As part of your pre-service training, you will live with a Nigerien host family. This is the best way to learn about Nigeriens’ daily lives, diet, customs, and attitudes. Host families also assist in language learning and in introducing trainees to community activities. The Peace Corps takes great care in selecting the families who will host you. They understand what you will be trying to accomplish and are willing to assist you. Keep in mind that your ways are as different to them as theirs are to you. Many Volunteers form strong and lasting friendships with their host families.
Cross-cultural and community development training will help you improve your communication skills and understand your role as a facilitator of development. You will be exposed to topics such as community mobilization, conflict resolution, gender and development, nonformal and adult education strategies, and political structures.
Niger’s dry and dusty environment makes it difficult to maintain proper personal hygiene and health. Thus, one has to make an extra effort to remain healthy. The medical resources available are not comparable to those in the West or even in some neighboring African countries. Health can also be affected by the limited availability of fruits and vegetables in certain seasons.
During pre-service training, you will be given basic medical training and information. You will be expected to practice preventive healthcare and to take responsibility for your own health by adhering to all medical policies. Trainees are required to attend all medical sessions. The topics include preventive health measures and minor and major medical issues that you might encounter while in Niger. Nutrition, mental health, safety and security, setting up a safe living compound, and how to avoid HIV/AIDS and other sexually transmitted diseases (STDs) are also covered.
During the safety training sessions, you will learn how to adopt a lifestyle that reduces your risks at home, at work, and during your travels. You will also learn appropriate, effective strategies for coping with unwanted attention and about your individual responsibility for promoting safety throughout your service.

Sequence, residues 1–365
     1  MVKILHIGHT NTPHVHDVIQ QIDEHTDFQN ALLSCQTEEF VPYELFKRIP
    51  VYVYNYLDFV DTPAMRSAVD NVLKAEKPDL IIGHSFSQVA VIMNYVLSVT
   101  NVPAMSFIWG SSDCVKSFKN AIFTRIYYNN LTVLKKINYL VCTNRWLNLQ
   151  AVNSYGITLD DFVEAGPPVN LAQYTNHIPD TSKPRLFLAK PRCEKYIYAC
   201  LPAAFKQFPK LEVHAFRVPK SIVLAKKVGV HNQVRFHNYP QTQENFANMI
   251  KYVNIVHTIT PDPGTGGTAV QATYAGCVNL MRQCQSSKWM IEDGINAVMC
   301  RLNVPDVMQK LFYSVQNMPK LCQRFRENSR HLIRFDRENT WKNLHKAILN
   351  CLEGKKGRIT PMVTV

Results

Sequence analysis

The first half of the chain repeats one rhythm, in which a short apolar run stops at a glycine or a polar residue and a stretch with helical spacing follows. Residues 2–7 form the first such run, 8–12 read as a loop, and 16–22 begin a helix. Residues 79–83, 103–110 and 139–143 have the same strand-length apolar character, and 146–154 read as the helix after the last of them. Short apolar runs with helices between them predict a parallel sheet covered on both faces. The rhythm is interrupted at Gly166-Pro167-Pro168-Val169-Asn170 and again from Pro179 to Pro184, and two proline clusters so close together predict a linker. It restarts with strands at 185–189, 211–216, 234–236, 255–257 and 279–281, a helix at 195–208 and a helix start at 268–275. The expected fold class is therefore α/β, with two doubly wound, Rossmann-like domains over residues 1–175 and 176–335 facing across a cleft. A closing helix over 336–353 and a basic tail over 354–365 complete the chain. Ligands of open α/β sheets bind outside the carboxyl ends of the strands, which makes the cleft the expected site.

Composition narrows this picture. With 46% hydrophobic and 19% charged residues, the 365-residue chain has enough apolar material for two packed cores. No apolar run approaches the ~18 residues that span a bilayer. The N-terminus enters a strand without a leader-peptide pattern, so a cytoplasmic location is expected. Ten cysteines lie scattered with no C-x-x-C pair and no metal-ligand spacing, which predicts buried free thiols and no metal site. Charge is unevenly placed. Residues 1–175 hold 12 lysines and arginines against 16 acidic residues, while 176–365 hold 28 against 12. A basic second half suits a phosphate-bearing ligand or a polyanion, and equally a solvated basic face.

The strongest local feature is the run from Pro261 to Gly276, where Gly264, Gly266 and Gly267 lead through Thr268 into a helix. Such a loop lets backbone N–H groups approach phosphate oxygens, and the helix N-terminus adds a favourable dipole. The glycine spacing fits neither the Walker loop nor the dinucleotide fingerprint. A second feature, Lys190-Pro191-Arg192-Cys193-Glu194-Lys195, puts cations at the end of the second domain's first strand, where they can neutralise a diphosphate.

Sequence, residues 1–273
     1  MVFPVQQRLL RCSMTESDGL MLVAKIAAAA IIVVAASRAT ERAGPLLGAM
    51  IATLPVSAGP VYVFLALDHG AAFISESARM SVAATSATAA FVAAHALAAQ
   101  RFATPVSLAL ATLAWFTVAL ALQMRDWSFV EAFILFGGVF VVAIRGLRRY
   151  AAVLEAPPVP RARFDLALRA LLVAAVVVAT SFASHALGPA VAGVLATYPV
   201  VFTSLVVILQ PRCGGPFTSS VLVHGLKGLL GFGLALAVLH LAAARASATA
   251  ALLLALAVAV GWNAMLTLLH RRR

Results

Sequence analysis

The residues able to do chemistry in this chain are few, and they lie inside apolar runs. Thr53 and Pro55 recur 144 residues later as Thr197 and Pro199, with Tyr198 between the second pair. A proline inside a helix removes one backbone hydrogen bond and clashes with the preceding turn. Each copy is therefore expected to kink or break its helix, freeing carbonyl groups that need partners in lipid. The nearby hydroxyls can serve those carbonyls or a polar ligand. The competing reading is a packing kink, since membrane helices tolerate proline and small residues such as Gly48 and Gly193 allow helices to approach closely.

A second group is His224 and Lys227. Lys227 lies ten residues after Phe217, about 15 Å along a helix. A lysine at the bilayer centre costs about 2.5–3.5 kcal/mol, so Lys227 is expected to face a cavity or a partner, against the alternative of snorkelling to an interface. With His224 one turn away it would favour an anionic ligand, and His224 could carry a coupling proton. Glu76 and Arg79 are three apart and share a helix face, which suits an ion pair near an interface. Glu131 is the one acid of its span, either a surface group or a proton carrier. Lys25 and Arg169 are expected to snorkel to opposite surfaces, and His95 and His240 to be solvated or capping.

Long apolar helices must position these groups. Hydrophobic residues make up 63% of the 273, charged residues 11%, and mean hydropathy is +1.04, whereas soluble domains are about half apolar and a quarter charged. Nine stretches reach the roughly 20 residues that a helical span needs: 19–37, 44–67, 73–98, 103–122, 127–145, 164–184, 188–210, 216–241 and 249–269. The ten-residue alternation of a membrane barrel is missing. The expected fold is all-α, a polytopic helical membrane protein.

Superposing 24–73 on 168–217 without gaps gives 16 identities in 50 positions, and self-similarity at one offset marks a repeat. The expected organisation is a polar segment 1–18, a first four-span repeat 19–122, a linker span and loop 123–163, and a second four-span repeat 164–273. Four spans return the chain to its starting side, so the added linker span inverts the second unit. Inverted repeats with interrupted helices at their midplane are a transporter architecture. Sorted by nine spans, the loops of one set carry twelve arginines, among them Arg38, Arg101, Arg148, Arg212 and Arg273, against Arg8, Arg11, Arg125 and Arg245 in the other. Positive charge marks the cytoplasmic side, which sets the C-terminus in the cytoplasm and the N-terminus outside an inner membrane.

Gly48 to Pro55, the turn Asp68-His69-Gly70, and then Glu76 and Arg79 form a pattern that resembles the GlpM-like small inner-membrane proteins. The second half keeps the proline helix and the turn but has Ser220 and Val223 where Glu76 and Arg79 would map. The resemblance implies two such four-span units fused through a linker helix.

Additional Training During Volunteer Service
In its commitment to institutionalize quality training, the Peace Corps has implemented a training system that provides Volunteers with continual opportunities to examine their commitment to Peace Corps service while increasing their technical and cross-cultural skills. During your service, there are usually four training events. The titles and objectives are as follows:
- In-service training: Provides an opportunity for Volunteers to upgrade their technical, language, and project development skills while sharing their experiences and reaffirming their commitment after having served for three months.
- Regional language training: Helps Volunteers improve their language skills by focusing on regional dialects and job-related vocabulary.
- Midservice conference (done in conjunction with technical sector in-service): Assists Volunteers in reviewing their first year, reassessing their personal and project objectives, and planning for their second year of service.
- Close of service conference: Prepares Volunteers for the future after Peace Corps service and reviews their respective projects and personal experiences. The number, length, and design of these training events are adapted to Niger-specific needs and conditions. The key to the training system is that training events are integrated and interrelated, from the pre-departure orientation through the end of your service, and are planned, implemented, and evaluated cooperatively by the Peace Corps staff and Volunteers.